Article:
it’s kind of funny so long as it doesn’t happen to you, but if your animals are able to take even the most marginal shelter on their own against the conditions, you might find those aforementioned survival instincts keep them rooted stubbornly in place.
Never mind the weather could be worsening. Never mind the fact they will certainly die if they stay there. They just won’t be able to help themselves, and they’ll damn sure make it hard on you when you try to help them.
You might need to resort to some pretty creative methods in order to dislodge animals that are sheltering in place.
Extreme weather conditions and low visibility can cause livestock to panic.
Be especially cautious when herding or directing larger animals. Low visibility in bad weather conditions might result in panicking, and that panicking can have injurious or even fatal consequences for the animals and potentially for you.
It might be very difficult under the circumstances, but do the best you can to keep your animals calm, and endeavor to get them safely into an appropriate shelter before conditions get too bad.
Due to herd or parental instinct, older animals may follow or try to stay near young ones that are being relocated or treated.
Animal instincts can manifest in other ways during conditions of rough weather.
Parents of young or older animals in general might stubbornly insist on staying near or protecting younger members of the flock or herd, despite the fact they cannot offer them much in the way of real protection.
This will usually result in them generally getting in your way, or acting counterintuitively to the will of the herd, flock or their handlers.
It might even result in aggression when you move to help the little one. It’s the last thing you want to deal with, but you must be prepared for it nonetheless.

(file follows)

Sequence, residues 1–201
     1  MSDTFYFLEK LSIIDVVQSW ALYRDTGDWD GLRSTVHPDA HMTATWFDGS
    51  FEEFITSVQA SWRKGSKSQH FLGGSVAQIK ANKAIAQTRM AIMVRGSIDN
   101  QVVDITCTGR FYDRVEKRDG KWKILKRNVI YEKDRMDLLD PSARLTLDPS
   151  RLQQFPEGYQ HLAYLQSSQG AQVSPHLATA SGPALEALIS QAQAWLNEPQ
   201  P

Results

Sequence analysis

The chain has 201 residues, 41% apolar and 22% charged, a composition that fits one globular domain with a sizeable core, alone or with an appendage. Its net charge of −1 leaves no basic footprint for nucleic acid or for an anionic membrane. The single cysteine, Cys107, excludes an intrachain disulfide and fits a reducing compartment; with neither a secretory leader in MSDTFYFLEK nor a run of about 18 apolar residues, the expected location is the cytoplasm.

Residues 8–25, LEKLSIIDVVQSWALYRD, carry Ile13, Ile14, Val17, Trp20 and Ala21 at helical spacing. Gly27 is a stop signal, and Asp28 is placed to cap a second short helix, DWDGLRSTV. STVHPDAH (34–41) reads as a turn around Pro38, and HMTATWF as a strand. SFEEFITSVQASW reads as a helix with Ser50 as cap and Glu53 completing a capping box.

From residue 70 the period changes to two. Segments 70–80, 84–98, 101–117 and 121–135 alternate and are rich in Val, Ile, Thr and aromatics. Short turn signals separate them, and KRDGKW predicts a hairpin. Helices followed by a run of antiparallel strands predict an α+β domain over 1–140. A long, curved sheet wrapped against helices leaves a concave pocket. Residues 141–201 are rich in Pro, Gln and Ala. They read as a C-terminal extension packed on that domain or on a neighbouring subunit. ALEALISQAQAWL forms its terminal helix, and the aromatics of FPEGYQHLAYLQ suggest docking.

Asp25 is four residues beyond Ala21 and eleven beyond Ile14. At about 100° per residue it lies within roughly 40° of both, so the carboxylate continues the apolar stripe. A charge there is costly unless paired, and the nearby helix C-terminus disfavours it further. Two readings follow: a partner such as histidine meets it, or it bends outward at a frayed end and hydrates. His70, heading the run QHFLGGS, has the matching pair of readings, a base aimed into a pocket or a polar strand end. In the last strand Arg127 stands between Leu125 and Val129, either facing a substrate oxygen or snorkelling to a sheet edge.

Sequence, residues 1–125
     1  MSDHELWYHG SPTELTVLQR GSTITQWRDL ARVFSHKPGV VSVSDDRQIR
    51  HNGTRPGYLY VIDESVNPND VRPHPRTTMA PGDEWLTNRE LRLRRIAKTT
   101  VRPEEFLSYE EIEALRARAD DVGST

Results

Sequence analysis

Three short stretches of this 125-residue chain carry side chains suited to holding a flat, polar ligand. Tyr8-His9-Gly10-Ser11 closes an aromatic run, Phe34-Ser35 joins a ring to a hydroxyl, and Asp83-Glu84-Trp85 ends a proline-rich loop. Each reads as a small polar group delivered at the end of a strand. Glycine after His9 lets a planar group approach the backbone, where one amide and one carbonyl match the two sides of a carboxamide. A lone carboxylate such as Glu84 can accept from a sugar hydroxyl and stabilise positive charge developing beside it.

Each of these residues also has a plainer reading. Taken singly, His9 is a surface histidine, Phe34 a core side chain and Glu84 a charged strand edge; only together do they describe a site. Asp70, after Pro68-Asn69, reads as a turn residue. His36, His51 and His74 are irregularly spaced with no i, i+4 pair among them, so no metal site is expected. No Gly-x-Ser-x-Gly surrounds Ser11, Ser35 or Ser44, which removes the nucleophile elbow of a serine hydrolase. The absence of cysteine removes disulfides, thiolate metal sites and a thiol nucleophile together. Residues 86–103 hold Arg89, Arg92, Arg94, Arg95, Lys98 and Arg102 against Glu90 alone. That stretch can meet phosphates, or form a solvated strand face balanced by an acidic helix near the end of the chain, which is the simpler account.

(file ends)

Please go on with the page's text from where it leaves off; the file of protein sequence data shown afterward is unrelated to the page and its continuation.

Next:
How Much Food Do You Need?
The answer to this question depends on the type of farm animal, of course. Here’s a quick table showing how much food the most common types of farm animals typically need:
|Cattle||Around 2.5-3% of body weight in dry matter|
|Sheep||Around 1.5-2.2% of body weight in dry matter|
|Pigs||Around 4-5% of body weight in dry matter|
|Horses||Around 2.5-3% of body weight in dry matter|
|Goats||Around 5% of body weight in dry matter|
|Chickens||About 0.25 pounds of feed per day per chicken|
Keep in mind that this is dry matter, and it assumes that the feed has 0% water content (which is not the case).
Dry matter feed calculations need to be converted into what’s known as an “as-fed” calculation. This simply means adjusting the animal’s intake of food based on how much water it contains.
As a general rule, most animals will need to be fed a little more than their calculated dry matter intake. Most people use 90% for how much dry matter is in feed (like stored hay), meaning that 10% is water. This is a pretty safe number to rely on for calculating feed.
You should also remember that some animals may eat more or less, and the condition of the animal greatly affects how much they eat.